IRAs During Divorce in Colorado
High Asset Divorce Firm in Colorado
Particularly for middle-aged to older adults, aside from real estate, saving and retirement accounts are the largest aspect of shared property. If you’re going through a divorce you’ll need to disclose the assets you have in your retirement accounts. This includes annuity plans, 401(K) plans, profit sharing plans, IRAs and Roth IRAs. In some cases, retirement assets are divided between spouses. In other cases, one spouse may receive more in retirement funds while the other spouse may be awarded other assets. There are tools that allow for the transfer of most of these assets in a divorce without tax consequences. Whether you’re giving up your retirement assets during a divorce or receiving retirement assets, such as an IRA or Roth IRA, you’ll need to understand the rules that govern retirement asset division in a divorce.
Engaging an experienced Denver divorce attorney who understands the manner and the impact of dividing your retirement accounts gives you the security of knowing you are getting your fair share – and getting it in a way that doesn’t trigger other problems for you.
How Are Retirement Plans Divided in Divorce?
Retirement accounts, pension, IRAs and Roth IRAs are all considered property. In most instances, to the extent the accounts grew in value during the course of the marriage, that property is considered marital property. For example, if you opened up an IRA with $10,000 before you got married, and the account is now worth $100,000, $90,000 of the account would be considered marital property and is subject to being divided equitably.
If the court and the IRA and/or qualified-plan custodians recognize your divisions as transfers incident to divorce, there won’t be immediate tax consequences for you or your ex-spouse. However, lack of attention to detail in this case can make the divorce process much more difficult and expensive, especially if you’re going through a high asset divorce.
What are the Types of IRAs?
In general two types of IRAs exist: a traditional IRA and a Roth IRA.
A traditional IRA allows you to save up to $5,500 a year (or $6,500 a year, if you’re fifty or older.) Your contributions to a traditional IRA aren’t taxed. The growth in value of the account is not taxed while it remains in the account. However, when you start to draw the amounts out (after your age 59 ½), you’ll be taxed at the future ordinary income tax rate for the amount you take out.
A Roth IRA has the same contribution limits as a traditional IRA. But, in a Roth IRA, your contributions are taxed in the year they are made. Like the traditional IRA, the account grows tax-free. The key benefit to having a Roth IRA is that, when you take the money out of the account at retirement, no taxes are due, since you paid taxes on the initial amounts that went into the account.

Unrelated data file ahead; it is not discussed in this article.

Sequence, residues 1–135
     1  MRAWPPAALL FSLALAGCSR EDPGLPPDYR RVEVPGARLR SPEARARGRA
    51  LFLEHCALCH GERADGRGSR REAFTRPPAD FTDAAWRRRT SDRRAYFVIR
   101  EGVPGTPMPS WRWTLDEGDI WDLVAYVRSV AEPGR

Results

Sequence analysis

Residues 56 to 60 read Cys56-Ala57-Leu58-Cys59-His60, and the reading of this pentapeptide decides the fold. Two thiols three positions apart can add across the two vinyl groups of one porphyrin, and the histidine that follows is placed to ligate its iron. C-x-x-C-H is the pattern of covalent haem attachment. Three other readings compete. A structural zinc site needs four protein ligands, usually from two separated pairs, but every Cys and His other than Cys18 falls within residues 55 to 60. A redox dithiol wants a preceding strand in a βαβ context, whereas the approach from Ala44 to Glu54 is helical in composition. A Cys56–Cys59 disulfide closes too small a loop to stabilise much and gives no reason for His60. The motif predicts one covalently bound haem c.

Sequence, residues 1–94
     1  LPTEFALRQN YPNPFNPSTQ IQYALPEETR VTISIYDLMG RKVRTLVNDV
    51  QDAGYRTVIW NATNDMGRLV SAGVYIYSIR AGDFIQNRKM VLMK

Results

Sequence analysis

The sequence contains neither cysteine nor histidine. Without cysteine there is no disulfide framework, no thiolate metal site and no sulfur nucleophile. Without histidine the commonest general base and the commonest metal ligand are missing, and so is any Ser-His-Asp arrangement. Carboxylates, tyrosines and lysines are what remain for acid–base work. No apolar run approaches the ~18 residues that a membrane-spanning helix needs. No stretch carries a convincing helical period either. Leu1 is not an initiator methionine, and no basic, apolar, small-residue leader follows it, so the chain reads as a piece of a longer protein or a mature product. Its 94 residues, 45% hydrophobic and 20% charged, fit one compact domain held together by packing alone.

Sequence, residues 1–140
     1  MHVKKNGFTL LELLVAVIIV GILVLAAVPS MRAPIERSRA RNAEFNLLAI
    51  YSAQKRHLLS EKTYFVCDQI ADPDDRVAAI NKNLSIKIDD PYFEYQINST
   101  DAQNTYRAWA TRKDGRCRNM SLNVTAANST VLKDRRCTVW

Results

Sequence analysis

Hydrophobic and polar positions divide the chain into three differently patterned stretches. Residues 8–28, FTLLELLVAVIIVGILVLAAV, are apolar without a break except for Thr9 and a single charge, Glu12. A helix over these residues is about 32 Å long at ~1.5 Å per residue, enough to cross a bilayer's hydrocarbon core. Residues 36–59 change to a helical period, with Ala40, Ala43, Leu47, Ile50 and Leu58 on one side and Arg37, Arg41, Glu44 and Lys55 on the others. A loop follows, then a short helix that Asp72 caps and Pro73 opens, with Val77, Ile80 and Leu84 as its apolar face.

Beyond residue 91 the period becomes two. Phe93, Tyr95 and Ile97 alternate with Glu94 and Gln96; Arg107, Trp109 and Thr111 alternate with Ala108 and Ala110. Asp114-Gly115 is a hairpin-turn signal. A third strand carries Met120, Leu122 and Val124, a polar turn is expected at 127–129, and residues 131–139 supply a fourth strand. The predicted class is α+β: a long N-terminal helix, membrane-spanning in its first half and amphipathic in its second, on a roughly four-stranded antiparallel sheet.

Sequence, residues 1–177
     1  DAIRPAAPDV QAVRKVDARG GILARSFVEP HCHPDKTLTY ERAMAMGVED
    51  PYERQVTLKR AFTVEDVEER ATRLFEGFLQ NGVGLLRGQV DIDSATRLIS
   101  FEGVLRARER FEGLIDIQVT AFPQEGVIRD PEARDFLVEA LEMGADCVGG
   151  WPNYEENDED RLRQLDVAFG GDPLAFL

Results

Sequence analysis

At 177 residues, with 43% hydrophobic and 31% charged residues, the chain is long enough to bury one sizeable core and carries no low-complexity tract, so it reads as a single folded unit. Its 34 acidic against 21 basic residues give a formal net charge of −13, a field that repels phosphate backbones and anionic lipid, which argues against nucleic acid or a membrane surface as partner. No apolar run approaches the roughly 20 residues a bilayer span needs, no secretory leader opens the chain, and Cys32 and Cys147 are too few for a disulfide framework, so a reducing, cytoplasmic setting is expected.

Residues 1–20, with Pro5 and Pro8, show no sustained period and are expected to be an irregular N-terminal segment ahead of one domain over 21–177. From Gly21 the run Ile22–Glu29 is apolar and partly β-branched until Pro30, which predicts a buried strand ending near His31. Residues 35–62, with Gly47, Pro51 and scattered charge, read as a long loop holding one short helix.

How is a Traditional IRA Transferred at Divorce?
IRA custodians will require a copy of the dissolution judgment or order before a transfer will be initiated, in most cases. If the entire IRA needs to be transferred to the other spouse, the tax laws permit a transfer of ownership through name change on the IRA account. But, many custodians require the spouse who’s receiving the IRA to create a new account. Additional documentation may be needed to change ownership of the title on the asset.
If only a portion of the IRA needs to be transferred, the receiving spouse must establish a new IRA or designate an existing IRA to receive the transfer. The court-approved agreement or the Court order will direct the IRA custodian to transfer a fixed dollar amount or a percentage of the IRA directly to the custodian of the former spouse's IRA.
Most commonly, assets are not liquidated to accomplish the division. Instead, a percentage of each stock, bond, or other asset in the account is transferred to the new account. Once the transfer is completed, the receiving spouse has exclusive authority over the account: he or she must follow the rules for IRA contributions and distributions, and the taxes and any penalties that are involved in withdrawing funds will belong to the account holder.
You may think that because you purchased something in your name, it is separate property. This is not always the case. If you bought the property within the marriage (even if it’s in your name) it's up for division.
The same goes for retirement accounts. If you believe everything in your account is yours to keep in the event of a divorce, you would be wrong. If the retirement account increased in value over the duration of the marriage, it may be up for division.